I’m strangely encouraged today. I feel as though I’ve sat with Jesus and have been able to see others through his eyes. I feel as though we were conspirators today. Conspirators to give hope, courage and life to others through me being…. well… me.

Be you.

As you root yourself in Jesus and entrust him with your very life, be you.

Be completely you.

Be completely solely you, connected to your Savior and watch how God uses all of you for His Kingdom purposes.

Leaving ministry helped me find it’s true meaning

298311_10152106778950004_642523587_nI left a full time, salaried, church position over 7 years ago. It’s strange to say that, it seems in many ways that it’s been much longer and at the same time it feels as though I was putting on programs, attending meetings, speaking, writing lesson plans and setting vision and mission for a suburban church just yesterday. When I left I moved to a new city and worked as a consultant with a non-profit. I had a desk job. My work had purpose, but I felt there was something missing. Who were my people I was to serve? How was I going to find them? I mean, when I was in youth ministry I had parents, students and their friends to serve. My people were given to me. I would make myself aware of need, joy, life happenings and the like for these people I was entrusted to shepherd. I gave my life, time, energy and vision to those who fit in my given demographic.

But now? What was I to do? Who were my people? Here I was, a seminary graduate and had no idea what to do with my longing to shepherd, care for and pour into the lives of others. I prayed and it was as though I heard Jesus whisper into my ear, “you may not have a youth group but you have a neighborhood.” It was as though the most simple thing, the most obvious people group, one that Jesus himself referred to, was suddenly highlighted. How did I miss it? How did I miss that I was to love my neighbor? How was that even possible?

I took my seminary training and started applying it, not to a church program, but to my life. Though I have a love for the local church, I do believe we have quite missed the point. I was a perfect example. I had spent so many years serving in the walls of the local church that I wasn’t even aware of the fact that ministry was not limited to those walls.

I think we all forget that fact at times. We leave ministry up to professionals. We believe pastors are only those who stand behind pulpits. We believe discipleship is to be left to those who have been trained. We don’t share our faith, for we don’t know how to mix the language we’ve used to speak of God with the language of our neighbor. We think of ministry as program we sign up for to teach children, care for the elderly, sing in a choir, or perhaps, in some circumstances, ministry is something we attend as we go on ministry trips. Oh my friends, how we have missed the point!

Unless we reframe our understanding of ministry, of church for that matter, we will continue to miss the point.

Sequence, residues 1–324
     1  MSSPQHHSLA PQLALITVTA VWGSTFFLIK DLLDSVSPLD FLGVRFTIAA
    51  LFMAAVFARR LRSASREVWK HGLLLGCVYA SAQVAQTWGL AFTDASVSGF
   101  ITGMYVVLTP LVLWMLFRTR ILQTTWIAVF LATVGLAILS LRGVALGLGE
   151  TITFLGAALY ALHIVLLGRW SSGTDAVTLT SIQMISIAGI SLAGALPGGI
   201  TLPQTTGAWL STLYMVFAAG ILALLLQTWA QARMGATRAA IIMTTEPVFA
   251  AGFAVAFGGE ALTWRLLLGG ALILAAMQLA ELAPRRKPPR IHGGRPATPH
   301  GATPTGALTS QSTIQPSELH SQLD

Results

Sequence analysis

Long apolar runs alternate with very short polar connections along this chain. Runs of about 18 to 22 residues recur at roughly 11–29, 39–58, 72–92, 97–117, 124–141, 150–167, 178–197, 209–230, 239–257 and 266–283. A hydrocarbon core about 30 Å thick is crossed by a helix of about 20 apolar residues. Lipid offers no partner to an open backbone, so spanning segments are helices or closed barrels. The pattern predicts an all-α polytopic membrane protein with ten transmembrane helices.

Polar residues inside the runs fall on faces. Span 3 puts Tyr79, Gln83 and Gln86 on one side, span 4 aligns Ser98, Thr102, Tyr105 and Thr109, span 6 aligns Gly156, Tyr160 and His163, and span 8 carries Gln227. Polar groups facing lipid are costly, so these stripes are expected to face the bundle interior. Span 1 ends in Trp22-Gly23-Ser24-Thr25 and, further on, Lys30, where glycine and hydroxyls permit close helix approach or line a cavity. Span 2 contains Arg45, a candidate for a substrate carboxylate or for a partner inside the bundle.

So take some time today and think of those in your natural life path. How can you serve them? Do you know their needs? Do you know heart aches? Do you know joys? Ask Jesus to give you a person to serve, who does not go to church, and watch!

Coffee and loving people

fair-trade-certifiedI care about people. I actually really really love them, all of them. This can, at times, get me into trouble, or at least make life a tad inconvenient. Today I have been doing some research on buying fair trade products for an event I’ll be helping with later next month. When fair trade became a word more commonly known, I thought it was a left wing, hippy conspiracy that was just tricking people to spend more for the products they love. I didn’t understand what the driving was behind fair trade. I wasn’t informed and at the time, social justice was not something evangelicals cared about. Social justice was for those who didn’t care about the gospel and only wanted to do good and make life comfortable in the here and now. My assumption was that those who cared about social justice did not care about eternity and did not care about gospel. Boy, was I wrong!

Several years ago I was part of a team of people who were writing curriculum on a Kingdom response to Social Justice issues. I was given a module focusing on the idea of a Kingdom and our buying practices. At first I thought to myself, “why was I asked to help with this? I don’t know anything about why it matters what we buy?” I began my research and the more I studied, the more I understood why this topic ended up with me. My buying practices matter, because I love people. My buying practices matter, because of the gospel.

Working on this particular writing project was a part of my conversion. I grew belief in a new area. I understood a deeper reality of the gospel. The gospel, the whole gospel cares about whole people. The gospel sets people free, in eternity now and in eternity to come.  The gospel binds up the broken hearted. The gospel makes beauty from ashes. The gospel does not wish one well and walk away.  The gospel saves. The gospel loves. Buying fair trade matters because of the gospel. Caring about the fair treatment of people matters because of the gospel. Choosing to steward my money, matters, beyond frugality, because of the gospel.

So, today, as I was researching chocolate, coffee, tea and wine I was finding myself growing impatient with the process and wondered if I could justify spending more for products that I could easily buy for much less. Then, I was reminded of the gospel. I was reminded that as one who stewards that which I’ve been given, by a King who loves people, I can not only justify the extra, but it is just for me to do so.

Sometimes, loving people is costly in unexpected ways.

How have you experienced love at the cost of someone else?

Check out Trade As One and Westrock Coffee for great finds on fair trade products.